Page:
If all of this sounds like too much for you, it probably is. Newcomers can tone down nearly every aspect of the simulation by giving themselves unlimited weapons, a bottomless tank of fuel, or even invulnerability. But this isn't the kind of game casual users can simply fire up and get a lot of enjoyment out of right away. Falcon 4.0: Allied Force rewards those who take enough time to really understand every aspect of the F-16's cockpit and capabilities, and also those who are willing to put in the research necessary to personally manage the deep and complex campaigns. A 716-page PDF manual is included for those who really want to dive in, and it surpasses even the 600-page-plus tome included in the original game in terms of usability and completeness. It explains in detail how everything in the game works, and it's also packed with examples that show why you would want to use a particular weapon mode or radar setting, or whatever, in a variety of situations. There are also 30 training missions included in the sim that the manual provides guidance for, and you'll need to fly all of them to master the plane's various systems. A 109-page printed quick-start guide is included that covers the basics, but it barely begins to scratch the surface of what Falcon 4.0: Allied Force has to offer.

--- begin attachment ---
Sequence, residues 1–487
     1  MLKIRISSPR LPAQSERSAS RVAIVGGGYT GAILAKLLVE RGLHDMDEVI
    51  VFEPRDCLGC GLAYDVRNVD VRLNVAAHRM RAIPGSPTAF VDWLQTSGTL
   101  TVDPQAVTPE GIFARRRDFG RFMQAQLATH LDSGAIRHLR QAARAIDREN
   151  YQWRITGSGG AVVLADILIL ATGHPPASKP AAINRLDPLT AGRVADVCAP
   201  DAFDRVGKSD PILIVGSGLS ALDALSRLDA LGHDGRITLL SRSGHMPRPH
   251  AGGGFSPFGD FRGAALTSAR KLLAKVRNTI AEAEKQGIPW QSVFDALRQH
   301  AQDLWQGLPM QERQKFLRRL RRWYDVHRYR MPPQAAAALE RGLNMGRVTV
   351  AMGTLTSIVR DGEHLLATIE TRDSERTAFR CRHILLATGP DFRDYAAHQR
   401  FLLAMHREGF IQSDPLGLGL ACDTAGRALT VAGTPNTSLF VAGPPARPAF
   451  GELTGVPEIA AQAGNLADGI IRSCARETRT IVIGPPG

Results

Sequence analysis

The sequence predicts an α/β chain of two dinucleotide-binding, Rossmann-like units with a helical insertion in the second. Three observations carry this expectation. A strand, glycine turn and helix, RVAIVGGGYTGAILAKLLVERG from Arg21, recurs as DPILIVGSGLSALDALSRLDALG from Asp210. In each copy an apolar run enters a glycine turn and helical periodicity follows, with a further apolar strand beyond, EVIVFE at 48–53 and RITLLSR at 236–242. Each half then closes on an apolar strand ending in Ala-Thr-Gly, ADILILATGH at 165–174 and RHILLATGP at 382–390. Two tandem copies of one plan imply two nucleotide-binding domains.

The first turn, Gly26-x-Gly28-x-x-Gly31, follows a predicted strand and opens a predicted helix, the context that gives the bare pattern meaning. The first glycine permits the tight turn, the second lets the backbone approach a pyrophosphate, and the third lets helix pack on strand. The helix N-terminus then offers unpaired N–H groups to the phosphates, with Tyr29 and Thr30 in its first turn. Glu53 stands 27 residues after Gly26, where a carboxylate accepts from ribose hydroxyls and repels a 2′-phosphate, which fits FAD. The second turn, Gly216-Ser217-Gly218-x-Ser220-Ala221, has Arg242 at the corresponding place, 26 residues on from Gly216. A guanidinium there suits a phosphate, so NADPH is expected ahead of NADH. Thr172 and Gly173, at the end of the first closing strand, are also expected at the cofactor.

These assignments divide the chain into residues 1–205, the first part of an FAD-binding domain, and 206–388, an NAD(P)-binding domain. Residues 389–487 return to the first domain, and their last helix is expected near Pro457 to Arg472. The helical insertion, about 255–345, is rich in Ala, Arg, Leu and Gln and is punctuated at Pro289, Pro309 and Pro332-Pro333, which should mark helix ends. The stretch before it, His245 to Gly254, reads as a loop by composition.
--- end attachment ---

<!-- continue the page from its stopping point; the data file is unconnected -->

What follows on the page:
Ground targets are numerous and dangerous in the campaigns.
If you're a sim fan in general or a Falcon 4.0 aficionado in particular, this version of the game has pretty much everything going for it. It is cheap, about as complete as a game of this nature can be, and thanks to the plethora of missions, the inclusion of a mission editor, and especially the several dynamic campaigns, the sim offers limitless replayability. Multiplayer mode finally works well and is a blast either head-to-head or in cooperative mode with up to 16 total players, adding even more value to the game. Newcomers should know by now what they are getting into, but there's an entirely different life waiting on this CD for those willing to make the time investment.